On August 9, 2023

Town needs process for handling employee issues

 

Dear Editor,

Let me start by saying that the only “facts” I have on the recent issues with Killington Fire & Rescue are from what I’ve read in the Mountain Times, so what has been reported is all that I “know.”

From what I’ve read, a number of department members, most if not all of whom made up Search and Rescue, had significant issues with the previous chief, Chris LaHart, charging that by bullying, misogynistic comments and more, he created a toxic work environment. Those members were reported to have brought the issue to our town manager who allegedly quickly dismissed the complaint with an off-hand comment about having “heard about it.” 

As a result of this seemingly dismissive comment, those members then wrote a letter to the Mountain Times, making their issues public and requesting consideration of an alternative organizational structure.

Our Select Board and Town Manager, first meeting in executive session, decided to support the recently hired chief and, as had occurred once already, seemingly dismissed the complaint with another off-handed comment “I hope you can work it out.” 

This led to a new series of letters to the paper, including one from LaHart, essentially calling those departed members liars, and one from the Select Board defending their actions. 

With positions clearly set in stone, Search & Rescue members worked out an arrangement with another organization and the town set about finding new volunteers. 

Things quieted down until late June when the Mountain Times published a new article about Killington Fire & Rescue, reporting that many additional members had quit the Department over the past several months as a result of LaHart’s actions. 

LaHart then submitted his resignation to the Town Manager. The resignation was accepted by the Town, and a new chief, Paul Ginther, was immediately brought on board.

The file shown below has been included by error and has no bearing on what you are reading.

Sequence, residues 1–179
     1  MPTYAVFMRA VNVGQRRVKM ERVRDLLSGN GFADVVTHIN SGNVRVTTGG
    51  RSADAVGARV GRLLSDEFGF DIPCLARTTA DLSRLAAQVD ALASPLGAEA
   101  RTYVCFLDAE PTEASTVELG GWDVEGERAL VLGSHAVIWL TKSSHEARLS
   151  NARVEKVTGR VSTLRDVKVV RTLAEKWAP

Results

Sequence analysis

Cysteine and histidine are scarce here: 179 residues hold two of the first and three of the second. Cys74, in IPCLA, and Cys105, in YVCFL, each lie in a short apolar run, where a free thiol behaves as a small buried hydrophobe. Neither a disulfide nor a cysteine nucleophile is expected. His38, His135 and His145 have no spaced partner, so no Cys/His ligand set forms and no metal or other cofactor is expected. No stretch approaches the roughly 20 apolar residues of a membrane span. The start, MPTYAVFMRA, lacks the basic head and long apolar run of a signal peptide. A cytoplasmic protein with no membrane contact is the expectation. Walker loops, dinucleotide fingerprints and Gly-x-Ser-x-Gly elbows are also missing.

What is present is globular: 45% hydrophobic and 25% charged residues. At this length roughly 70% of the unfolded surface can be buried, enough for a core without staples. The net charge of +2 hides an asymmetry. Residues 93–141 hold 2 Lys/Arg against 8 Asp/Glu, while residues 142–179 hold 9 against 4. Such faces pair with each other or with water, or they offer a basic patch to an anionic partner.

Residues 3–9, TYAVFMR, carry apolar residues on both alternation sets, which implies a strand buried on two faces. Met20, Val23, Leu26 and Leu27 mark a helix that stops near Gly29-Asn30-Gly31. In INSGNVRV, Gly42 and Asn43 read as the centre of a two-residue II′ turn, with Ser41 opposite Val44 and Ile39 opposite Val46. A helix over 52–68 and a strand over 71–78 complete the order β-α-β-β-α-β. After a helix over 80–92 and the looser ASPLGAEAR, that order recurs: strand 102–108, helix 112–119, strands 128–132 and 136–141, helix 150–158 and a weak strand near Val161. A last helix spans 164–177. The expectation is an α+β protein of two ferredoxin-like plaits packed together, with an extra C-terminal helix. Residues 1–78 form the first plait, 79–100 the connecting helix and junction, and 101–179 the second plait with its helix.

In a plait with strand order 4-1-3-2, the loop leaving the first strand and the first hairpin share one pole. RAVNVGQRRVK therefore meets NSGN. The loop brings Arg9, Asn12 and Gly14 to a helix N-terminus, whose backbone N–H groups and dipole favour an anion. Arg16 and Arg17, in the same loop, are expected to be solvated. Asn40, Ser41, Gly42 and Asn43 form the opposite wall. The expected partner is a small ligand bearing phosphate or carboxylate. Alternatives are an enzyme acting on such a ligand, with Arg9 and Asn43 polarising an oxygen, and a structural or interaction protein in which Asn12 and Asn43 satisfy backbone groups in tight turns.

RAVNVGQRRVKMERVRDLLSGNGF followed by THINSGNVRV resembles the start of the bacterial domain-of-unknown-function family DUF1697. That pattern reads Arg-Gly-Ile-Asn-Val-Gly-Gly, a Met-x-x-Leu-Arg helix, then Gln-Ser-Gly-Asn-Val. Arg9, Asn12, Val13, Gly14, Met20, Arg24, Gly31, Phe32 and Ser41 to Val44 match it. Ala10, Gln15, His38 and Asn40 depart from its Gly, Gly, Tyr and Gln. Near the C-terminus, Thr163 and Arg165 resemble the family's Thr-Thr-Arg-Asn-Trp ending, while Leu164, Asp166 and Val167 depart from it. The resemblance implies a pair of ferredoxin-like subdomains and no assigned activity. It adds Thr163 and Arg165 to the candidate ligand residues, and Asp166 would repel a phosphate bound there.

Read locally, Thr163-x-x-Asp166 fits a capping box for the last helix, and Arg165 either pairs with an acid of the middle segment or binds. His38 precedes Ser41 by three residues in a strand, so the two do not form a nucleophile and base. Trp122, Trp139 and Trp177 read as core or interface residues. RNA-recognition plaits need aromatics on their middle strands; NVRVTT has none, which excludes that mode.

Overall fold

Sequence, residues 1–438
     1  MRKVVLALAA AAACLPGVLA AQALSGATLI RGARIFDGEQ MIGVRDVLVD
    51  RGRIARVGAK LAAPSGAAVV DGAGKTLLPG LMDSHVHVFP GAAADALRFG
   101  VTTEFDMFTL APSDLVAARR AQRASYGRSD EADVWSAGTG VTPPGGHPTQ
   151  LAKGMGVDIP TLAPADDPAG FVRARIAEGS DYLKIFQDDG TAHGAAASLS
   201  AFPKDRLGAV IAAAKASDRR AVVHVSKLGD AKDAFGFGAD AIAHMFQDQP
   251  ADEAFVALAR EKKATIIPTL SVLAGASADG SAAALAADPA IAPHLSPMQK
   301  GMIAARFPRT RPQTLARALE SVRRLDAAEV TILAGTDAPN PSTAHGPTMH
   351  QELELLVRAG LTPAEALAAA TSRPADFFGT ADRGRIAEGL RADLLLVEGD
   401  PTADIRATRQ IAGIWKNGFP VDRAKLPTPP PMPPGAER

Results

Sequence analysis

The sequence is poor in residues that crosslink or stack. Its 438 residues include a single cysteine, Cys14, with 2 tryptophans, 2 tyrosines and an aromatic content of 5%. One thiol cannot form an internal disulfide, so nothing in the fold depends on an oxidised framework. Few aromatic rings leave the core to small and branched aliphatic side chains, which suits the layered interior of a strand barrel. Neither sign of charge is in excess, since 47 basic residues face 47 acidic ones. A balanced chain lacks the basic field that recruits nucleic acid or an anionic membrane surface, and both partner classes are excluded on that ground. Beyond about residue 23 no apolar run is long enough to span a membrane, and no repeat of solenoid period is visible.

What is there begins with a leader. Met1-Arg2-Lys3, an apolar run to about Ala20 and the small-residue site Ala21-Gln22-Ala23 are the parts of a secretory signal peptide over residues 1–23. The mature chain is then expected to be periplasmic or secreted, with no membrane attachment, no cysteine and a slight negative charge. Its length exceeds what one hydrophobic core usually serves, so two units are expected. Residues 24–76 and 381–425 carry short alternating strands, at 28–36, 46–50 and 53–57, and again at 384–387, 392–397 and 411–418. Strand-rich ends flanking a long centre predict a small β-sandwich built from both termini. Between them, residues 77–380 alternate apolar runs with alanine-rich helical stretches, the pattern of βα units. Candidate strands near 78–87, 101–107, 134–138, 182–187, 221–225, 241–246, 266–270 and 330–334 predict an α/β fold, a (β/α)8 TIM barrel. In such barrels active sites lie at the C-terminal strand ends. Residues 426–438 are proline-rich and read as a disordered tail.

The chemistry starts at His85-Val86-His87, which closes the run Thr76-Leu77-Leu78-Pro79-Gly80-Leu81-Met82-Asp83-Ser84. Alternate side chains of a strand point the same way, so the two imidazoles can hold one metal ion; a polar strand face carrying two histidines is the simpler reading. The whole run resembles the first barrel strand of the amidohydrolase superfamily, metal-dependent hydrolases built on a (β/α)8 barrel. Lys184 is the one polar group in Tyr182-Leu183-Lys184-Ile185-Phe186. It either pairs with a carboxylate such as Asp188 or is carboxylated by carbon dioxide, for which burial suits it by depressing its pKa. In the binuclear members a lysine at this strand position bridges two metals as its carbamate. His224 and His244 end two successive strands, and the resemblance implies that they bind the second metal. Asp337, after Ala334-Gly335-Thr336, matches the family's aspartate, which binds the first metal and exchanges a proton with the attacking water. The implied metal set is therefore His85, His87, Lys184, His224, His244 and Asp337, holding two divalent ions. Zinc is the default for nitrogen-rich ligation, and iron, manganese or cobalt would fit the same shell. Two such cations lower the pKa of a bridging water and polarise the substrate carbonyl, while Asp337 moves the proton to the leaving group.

Now, one would think that having experienced six months of upheaval, the town would welcome back those who quit and quickly rebuild the department.

Unfortunately, what we now see is the Select Board and Town Manager (who will not be Manager much longer) rejecting that obvious conclusion, stating that “Anyone who signed the letter (published in the Mountain Times, Rutland Herald and social media) or bad-mouthed the fire department through social media is not currently allowed to be accepted as volunteers” (Jim Haff) and “I like the direction we’re going right now and I don’t want any more letters to the editors. I don’t want to read about us in the paper anymore” (Chris Karr). 

Ginther, under direction from the Select Board and Town Manager, has advised the many former members who have contacted him that, “for the time being they are not going to be allowed back.”

My question is, why? Those who quit are experienced volunteers, both search & rescue as well as fire fighters. They quit for a cause, for justifiable reasons, and now that the cause (LaHart) has departed, they want to volunteer once again to help the town.

Does town leadership think that, by allowing them back, they will somehow be disruptive to the department when they never have been in the past? Does leadership think that by allowing them back leadership will, in effect, be acknowledging what most residents believe already:  that hiring LaHart was the wrong decision, albeit one made in good faith by the town? 

Frankly, directing that they not be brought back seems almost vindictive, blaming the “victims” rather than LaHart.

The Select Board should have learned at least one thing from this unhappy episode: it needs a formal process to deal with workplace complaints such as those that were brought to light with LaHart. Complaints about a toxic work environment, whether through misogynistic, bullying or other behaviors, cannot be dismissed or shrugged off. And those that alert leaders to such issues should not be punished for doing so.

As Killington grows and creates more full-time and part-time paid positions, there must be a process in place to manage employee issues. That’s a discussion the Select Board should be having with public input. 

In the meantime, they need to do the right thing and immediately allow those fire fighters and search & rescue personnel, who want to again serve the community they love, to return to duty.

Art Malatzky,

Killington

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